With prose as rhythmic as its subject, the essay that fills a third of this volume examines the music that germinated with New Orleans jazz bands and singers like Bessie Smith and reached fruition through such artists as Duke Ellington and Charlie Parker. The remainder of the beautifully designed book consists of superbly reproduced photos of the musicians, their records, and their joyous fans.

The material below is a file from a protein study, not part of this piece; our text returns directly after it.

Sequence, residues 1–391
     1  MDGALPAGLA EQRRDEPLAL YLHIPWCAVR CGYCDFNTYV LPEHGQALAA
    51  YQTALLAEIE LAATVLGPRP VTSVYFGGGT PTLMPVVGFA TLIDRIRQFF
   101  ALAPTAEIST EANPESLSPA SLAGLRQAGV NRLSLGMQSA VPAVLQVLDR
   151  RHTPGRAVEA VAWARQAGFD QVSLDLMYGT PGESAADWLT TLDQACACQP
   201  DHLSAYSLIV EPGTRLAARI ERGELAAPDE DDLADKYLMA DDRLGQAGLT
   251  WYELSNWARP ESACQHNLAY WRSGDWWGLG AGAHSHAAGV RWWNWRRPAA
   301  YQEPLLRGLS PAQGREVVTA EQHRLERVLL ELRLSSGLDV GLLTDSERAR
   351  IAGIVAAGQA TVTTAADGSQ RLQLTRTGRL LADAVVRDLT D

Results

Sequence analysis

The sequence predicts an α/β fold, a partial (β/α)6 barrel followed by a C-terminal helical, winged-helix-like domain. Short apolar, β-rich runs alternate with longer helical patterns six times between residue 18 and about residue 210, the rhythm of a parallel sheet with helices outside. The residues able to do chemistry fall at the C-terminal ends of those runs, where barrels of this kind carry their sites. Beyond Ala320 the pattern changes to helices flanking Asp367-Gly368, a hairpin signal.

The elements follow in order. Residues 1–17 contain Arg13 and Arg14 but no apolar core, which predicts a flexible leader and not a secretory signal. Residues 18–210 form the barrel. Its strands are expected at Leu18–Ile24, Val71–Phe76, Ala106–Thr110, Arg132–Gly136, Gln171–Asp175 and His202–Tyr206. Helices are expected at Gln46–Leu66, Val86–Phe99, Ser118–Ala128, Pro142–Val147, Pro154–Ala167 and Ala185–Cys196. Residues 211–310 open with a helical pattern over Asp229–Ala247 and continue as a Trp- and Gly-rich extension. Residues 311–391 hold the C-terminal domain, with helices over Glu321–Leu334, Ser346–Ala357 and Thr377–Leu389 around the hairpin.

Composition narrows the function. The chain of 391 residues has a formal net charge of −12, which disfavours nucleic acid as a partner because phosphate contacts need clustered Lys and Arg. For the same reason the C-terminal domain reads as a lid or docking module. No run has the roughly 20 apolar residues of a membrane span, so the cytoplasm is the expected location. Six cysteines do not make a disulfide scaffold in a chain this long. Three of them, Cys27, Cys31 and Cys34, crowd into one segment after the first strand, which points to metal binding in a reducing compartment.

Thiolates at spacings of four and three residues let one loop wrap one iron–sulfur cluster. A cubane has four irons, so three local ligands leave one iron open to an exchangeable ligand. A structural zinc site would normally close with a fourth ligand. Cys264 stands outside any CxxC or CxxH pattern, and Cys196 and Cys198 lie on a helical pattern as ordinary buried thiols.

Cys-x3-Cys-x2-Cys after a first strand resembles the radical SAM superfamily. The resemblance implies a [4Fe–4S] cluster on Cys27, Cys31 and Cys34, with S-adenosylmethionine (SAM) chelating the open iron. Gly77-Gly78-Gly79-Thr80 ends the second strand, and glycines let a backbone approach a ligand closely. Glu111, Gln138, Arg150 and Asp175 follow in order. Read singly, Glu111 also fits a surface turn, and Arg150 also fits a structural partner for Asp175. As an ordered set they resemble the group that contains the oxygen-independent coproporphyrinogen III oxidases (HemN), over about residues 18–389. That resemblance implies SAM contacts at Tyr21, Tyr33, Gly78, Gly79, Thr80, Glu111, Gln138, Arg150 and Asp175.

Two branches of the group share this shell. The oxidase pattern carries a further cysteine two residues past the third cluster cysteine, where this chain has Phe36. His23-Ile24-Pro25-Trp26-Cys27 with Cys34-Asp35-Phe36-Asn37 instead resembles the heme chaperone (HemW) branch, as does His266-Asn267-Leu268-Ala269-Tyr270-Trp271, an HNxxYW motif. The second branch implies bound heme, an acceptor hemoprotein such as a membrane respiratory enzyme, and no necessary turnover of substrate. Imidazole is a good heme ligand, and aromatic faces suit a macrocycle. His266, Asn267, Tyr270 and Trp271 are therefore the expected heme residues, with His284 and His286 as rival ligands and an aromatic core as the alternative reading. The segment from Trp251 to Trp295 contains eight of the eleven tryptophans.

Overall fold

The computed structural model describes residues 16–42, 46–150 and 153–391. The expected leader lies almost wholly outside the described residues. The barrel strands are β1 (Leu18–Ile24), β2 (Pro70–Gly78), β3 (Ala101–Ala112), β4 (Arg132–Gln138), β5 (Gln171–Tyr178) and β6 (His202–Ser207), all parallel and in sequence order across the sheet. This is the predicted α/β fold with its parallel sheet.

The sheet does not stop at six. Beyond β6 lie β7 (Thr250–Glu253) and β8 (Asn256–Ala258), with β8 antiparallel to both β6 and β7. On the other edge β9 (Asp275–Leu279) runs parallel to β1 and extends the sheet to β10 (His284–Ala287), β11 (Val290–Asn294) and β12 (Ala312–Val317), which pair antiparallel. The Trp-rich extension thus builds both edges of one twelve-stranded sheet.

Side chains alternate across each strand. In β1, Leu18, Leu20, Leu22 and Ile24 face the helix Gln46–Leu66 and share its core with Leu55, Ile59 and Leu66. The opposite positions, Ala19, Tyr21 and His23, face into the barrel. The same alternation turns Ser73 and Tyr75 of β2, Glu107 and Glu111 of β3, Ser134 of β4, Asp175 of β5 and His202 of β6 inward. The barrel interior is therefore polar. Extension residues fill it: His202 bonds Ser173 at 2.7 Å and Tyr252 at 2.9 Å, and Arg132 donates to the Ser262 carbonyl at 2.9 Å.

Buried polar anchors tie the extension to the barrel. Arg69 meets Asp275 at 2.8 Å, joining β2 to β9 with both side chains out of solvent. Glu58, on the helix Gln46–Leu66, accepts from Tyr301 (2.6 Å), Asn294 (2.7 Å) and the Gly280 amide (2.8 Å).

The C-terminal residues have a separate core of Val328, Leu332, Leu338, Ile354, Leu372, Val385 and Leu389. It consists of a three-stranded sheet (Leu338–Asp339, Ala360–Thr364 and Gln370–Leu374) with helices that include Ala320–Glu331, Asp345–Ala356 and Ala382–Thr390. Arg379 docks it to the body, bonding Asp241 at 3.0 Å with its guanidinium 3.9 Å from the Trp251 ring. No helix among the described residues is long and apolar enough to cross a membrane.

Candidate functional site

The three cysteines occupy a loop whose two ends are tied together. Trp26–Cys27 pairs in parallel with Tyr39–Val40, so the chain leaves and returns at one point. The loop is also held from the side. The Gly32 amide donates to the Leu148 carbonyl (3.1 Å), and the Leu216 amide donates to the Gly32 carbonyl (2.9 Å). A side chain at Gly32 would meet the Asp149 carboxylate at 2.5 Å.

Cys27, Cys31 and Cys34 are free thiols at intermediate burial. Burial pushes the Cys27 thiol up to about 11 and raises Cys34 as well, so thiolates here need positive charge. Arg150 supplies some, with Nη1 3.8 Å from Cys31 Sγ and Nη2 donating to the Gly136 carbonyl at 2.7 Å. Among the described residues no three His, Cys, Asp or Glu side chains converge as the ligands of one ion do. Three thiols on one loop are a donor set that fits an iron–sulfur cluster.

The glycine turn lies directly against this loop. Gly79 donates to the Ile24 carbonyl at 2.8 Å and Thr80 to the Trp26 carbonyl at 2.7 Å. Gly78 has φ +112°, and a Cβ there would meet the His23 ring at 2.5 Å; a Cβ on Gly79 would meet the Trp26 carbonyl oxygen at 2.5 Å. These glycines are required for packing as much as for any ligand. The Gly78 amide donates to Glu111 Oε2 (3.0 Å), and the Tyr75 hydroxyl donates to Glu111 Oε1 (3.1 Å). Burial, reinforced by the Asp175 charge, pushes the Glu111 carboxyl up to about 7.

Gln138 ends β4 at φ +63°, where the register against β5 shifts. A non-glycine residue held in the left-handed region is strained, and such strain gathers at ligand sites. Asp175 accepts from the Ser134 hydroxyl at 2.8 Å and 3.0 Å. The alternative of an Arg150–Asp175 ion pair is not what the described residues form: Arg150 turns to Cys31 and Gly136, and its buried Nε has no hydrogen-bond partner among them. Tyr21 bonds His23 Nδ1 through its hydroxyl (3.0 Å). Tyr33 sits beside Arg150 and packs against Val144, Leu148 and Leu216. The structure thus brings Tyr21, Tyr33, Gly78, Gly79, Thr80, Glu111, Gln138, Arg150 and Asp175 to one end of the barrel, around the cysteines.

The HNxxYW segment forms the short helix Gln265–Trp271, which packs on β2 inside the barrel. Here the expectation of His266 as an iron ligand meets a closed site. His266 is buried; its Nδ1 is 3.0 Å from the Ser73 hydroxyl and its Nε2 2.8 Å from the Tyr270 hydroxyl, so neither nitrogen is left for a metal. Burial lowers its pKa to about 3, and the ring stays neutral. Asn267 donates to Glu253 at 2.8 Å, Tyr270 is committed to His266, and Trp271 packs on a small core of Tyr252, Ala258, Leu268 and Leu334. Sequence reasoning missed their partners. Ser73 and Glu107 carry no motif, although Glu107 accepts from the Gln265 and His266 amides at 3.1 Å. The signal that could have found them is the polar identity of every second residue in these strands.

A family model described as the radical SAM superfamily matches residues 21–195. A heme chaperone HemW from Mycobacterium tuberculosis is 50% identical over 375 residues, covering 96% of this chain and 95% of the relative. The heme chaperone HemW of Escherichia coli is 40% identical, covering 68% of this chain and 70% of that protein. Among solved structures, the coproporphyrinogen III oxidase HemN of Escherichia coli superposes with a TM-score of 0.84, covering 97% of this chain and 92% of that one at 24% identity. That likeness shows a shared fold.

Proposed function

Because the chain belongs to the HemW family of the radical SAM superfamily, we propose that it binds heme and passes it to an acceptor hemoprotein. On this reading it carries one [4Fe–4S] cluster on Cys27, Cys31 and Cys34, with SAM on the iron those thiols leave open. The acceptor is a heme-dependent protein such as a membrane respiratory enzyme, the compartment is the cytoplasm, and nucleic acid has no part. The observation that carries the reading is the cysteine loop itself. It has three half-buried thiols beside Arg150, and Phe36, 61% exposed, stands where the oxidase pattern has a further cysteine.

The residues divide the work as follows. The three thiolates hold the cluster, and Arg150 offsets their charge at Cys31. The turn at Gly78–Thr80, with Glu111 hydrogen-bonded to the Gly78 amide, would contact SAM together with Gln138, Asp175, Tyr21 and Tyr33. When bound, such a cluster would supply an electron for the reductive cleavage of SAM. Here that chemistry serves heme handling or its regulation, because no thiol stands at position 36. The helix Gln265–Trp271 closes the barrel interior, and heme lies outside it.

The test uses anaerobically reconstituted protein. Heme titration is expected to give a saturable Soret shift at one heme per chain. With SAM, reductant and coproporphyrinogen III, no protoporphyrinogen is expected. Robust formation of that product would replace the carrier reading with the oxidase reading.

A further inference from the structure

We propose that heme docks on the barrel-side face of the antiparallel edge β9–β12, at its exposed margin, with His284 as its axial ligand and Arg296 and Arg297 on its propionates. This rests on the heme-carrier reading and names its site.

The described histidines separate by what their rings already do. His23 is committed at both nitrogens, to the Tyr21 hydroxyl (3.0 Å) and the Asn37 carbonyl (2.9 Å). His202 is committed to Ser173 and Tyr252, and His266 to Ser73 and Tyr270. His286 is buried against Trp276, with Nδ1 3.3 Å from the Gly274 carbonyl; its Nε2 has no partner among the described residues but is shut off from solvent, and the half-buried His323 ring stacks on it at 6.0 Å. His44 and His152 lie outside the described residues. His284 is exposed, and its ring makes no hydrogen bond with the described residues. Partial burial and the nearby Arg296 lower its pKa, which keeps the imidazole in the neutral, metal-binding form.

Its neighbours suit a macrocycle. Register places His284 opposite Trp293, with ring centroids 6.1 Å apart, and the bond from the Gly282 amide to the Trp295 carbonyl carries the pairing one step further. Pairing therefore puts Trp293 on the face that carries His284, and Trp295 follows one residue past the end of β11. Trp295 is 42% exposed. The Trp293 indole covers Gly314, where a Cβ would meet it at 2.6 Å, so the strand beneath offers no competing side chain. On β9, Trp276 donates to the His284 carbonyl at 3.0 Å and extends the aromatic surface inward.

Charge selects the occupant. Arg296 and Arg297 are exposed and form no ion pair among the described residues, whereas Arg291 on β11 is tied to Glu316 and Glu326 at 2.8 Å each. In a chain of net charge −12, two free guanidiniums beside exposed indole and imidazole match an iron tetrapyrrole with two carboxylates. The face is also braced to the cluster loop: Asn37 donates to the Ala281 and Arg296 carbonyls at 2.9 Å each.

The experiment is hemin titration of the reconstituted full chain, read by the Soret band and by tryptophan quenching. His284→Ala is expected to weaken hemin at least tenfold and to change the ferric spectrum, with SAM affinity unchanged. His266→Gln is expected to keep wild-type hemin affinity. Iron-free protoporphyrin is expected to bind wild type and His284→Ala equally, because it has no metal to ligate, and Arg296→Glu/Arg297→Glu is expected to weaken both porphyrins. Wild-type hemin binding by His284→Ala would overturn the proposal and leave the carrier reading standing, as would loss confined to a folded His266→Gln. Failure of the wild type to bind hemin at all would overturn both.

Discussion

Though author Albert Murray’s dismissal of soul and folk-blues and exclusion of other sub-genres is unfortunate, his text rates with the best music writing I’ve read in years. He argues convincingly that blues results primarily not from anguish and suffering but from musical tradition; it is not an expression of bad times but a finger-snapping, foot-tapping way of exorcising them. If Murray can’t convince you of this (which I doubt), just check the photos, each of which is worth a whole lot more than the proverbial thousand words.